Wednesday, March 2, 2011

Maxwell’s Atomic Coilgun: The Quest for Absolute Zero

Scientific American’s March 2011 article entitled “Demons, Entropy, and the Quest for Absolute Zero” by Mark G. Raizen reveals just how low of temperatures can now be reached with Maxwell’s Atomic Coilgun and what implications this has in modern science. The second law of thermodynamics deals with entropy, and how natural processes always go toward lower order; entropy is disorder. Maxwell and his atomic coilgun aim to turn that law on its head to realize an idea from the nineteenth century. This idea involved “Maxwell’s demon and appeared to violate the second law of thermodynamics because it could lower the entropy of the gas while expending a negligible amount of energy” (58). A man named Szilard talked Maxwell’s demon out of this paradox in a very complex manner. Just know that it did not violate the second law of thermodynamics.

The way modern scientists go about getting gas atoms and some gas molecules to such low temperatures starts with using a vacuum. They launch this gas into a vacuum at super-high speeds, making temperature decrease drastically. This gets the gas’s temperature to around 1/100 a degree above (barely) absolute zero. Next, these scientists use magnetic brakes called an atomic coilgun to reduce the speed of these atoms/molecules. These atomic coilguns were originally designed to do the opposite, accelerating particles and large projectiles using the same magnetic field. This technology is applied in reverse to slow the particles this time. Most elements have north and south magnetic poles, and all elements that do can be controlled by these atomic coilguns.

That was stage one of cooling; here is step two. At this point, an atomic coilgun would have cooled down atoms/molecules to 1/100 of a degree above absolute zero. Some might say that this is close, but no cigar. Wiser men would realize that this new achievement in science will allow us to discover much about matter that is currently unknown, and possibly not just about matter’s properties, but maybe about antimatter and its properties. This list could go on and on; nobody knows. Anyhow, at stage two of cooling, the temperature is brought down to one-millionth of a degree above absolute zero, or even lower! Here, scientists use a technique called single-photon cooling, which “appears to violate the second law of thermodynamics” (59). This method uses a one-way gate once proposed by Maxwell in 1871 in a thought experiment. This gate compresses atoms down to a smaller volume, all the while without raising their temperature! The gate follows by letting the atoms expand to the initial volume. This, however, lowers their temperature.

This has opened many doors in research. One is to study chemical reactions at a quantum level. Another possibility of utility of this research would be to work to lift the barriers of the current ultrahigh-precision spectroscopy and make it even more precise. Two more would be to measure the mass of a neutrino, and maybe even that of an antineutrino. This applies for antihydrogen as well, which will tell us more about antimatter and its reactions to gravity. One more is to aid in the separation of isotopes. Yet another is to help us better understand how atoms look down to the nanometer. This list may go on forever.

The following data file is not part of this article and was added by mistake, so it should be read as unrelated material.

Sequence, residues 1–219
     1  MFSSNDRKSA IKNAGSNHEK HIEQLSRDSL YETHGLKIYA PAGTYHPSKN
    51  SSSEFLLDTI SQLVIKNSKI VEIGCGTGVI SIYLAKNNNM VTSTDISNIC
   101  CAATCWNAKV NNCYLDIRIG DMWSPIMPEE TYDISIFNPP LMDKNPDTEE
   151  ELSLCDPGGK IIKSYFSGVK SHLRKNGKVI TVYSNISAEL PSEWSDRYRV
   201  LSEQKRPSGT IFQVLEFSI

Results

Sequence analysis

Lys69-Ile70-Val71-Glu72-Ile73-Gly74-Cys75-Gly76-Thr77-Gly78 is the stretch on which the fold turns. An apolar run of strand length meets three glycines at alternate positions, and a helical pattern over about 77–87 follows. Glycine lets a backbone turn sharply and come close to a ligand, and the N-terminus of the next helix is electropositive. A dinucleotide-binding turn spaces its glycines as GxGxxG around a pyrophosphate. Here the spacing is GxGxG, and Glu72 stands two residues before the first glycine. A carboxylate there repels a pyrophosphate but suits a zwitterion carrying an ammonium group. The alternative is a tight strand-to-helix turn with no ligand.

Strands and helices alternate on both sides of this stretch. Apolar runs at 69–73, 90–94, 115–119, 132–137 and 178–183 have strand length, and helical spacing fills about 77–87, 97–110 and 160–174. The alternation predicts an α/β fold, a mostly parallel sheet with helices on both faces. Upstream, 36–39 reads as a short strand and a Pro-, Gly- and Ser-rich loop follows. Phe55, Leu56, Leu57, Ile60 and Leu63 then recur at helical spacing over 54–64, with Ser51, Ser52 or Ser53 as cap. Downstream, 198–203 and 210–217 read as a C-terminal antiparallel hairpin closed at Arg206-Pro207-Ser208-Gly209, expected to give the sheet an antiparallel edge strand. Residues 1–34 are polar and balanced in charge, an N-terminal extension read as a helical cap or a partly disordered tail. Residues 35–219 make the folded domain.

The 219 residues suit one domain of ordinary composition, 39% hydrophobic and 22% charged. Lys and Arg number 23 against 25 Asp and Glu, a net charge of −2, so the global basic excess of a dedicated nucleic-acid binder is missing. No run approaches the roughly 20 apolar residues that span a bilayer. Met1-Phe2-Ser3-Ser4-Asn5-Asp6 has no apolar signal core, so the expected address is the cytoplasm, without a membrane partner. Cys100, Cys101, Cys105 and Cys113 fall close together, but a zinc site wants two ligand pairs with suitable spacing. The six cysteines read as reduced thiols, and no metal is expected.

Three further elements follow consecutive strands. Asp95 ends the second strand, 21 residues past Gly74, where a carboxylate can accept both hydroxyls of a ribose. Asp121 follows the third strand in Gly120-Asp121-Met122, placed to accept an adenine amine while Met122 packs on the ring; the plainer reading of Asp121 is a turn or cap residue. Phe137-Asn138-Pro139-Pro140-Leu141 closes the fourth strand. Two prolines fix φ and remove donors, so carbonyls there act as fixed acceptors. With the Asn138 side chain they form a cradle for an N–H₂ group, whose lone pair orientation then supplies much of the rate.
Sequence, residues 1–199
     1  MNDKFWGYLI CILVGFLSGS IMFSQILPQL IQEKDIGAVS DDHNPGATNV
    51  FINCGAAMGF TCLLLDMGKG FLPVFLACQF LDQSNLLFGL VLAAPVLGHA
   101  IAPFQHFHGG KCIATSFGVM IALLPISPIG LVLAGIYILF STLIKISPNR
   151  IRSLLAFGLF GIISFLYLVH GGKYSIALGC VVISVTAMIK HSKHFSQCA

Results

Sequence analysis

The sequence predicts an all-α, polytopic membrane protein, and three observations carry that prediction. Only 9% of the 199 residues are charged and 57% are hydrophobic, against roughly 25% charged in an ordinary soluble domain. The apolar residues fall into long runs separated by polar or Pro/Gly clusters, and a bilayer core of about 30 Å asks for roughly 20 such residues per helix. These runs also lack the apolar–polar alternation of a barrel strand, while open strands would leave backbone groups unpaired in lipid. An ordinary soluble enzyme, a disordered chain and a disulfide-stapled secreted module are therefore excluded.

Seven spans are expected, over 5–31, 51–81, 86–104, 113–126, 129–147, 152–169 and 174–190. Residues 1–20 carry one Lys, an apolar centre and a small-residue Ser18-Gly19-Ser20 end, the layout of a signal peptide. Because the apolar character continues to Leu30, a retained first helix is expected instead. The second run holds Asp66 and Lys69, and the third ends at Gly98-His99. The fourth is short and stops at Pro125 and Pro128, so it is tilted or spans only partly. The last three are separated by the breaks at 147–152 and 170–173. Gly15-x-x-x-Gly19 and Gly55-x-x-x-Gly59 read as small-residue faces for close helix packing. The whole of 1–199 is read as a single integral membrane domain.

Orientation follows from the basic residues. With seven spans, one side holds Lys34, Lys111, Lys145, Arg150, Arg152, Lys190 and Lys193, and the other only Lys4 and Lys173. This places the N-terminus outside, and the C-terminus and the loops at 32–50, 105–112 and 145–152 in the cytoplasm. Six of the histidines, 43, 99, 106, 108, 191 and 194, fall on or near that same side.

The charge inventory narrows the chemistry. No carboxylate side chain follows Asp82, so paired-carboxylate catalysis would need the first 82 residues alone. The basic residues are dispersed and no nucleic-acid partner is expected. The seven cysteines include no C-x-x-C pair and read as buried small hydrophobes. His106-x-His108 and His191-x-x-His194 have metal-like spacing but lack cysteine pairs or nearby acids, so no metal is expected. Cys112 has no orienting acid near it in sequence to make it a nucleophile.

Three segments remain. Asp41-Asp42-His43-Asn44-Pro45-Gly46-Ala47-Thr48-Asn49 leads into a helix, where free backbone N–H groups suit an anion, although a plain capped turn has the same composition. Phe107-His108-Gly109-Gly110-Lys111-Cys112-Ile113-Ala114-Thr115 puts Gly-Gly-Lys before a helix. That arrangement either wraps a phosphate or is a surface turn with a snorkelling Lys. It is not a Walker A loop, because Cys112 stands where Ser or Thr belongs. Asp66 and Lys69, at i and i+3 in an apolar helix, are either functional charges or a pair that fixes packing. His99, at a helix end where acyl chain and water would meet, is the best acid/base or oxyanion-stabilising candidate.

Posted by Derek Melzar (2).

2 comments:

  1. The longstanding scientific quest to reach absolute zero seems like a fascinating though frustrating one. I remember reading a few years ago that we got to something like .[unknown number of zeros]001 K, though the limit of zero still remains slightly out of our reach. Honestly, the science is reminiscent of speed-of-light barrier, another longstanding problem in quantum physics/mechanics.

    I wonder, though: you mention that there are applications that would be opened up to us by achieving such a temperature, and I was hoping you could elaborate more. What companies/research programs, in specific, could benefit from such a technology?

    Posted by: Alexander Simolaris

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  2. [RESPONSE] to Alexander Simolaris,

    Alexander,

    I completely agree with you in that the science of reaching absolute zero is quite redolent to that of reaching the speed of light. And who knows if these feats are even achievable? All I know is that many things like these were thought to be as much impossible in the past but were not; look how far we have come. The possibilities of the knowledge we could attain reaching absolute zero amaze me, and the possibilities of what we could achieve upon reaching the speed of light astound me as well. I believe that the knowledge we will need to be able to reach this temperature and this speed, along with what we must accomplish to be able to do so, will be worth attaining in the end. What we can learn from this, and what doors that will open for us, after reaching these new heights, will be at least equal to our input of efforts.

    If you are interested in the implications of this research, you should definitely check out the article. But I will elaborate on one of these for you. This possible achievement of this study could involve harnessing the power of antineutrinos and antihydrogens, for example. After all, part of dark matter could be antimatter. This is significant because dark matter constitutes 23% of the universe, while dark energy represents a whopping 73% of the universe. Understanding dark matter could help us to harness that huge 73% of the universe's power, and for our own benefit. For starters, this could potentially end the world's oil conflicts. Therefore, I am sure the world's oil and gas companies would be very interested in this research's outcomes.

    Posted by Derek Melzar

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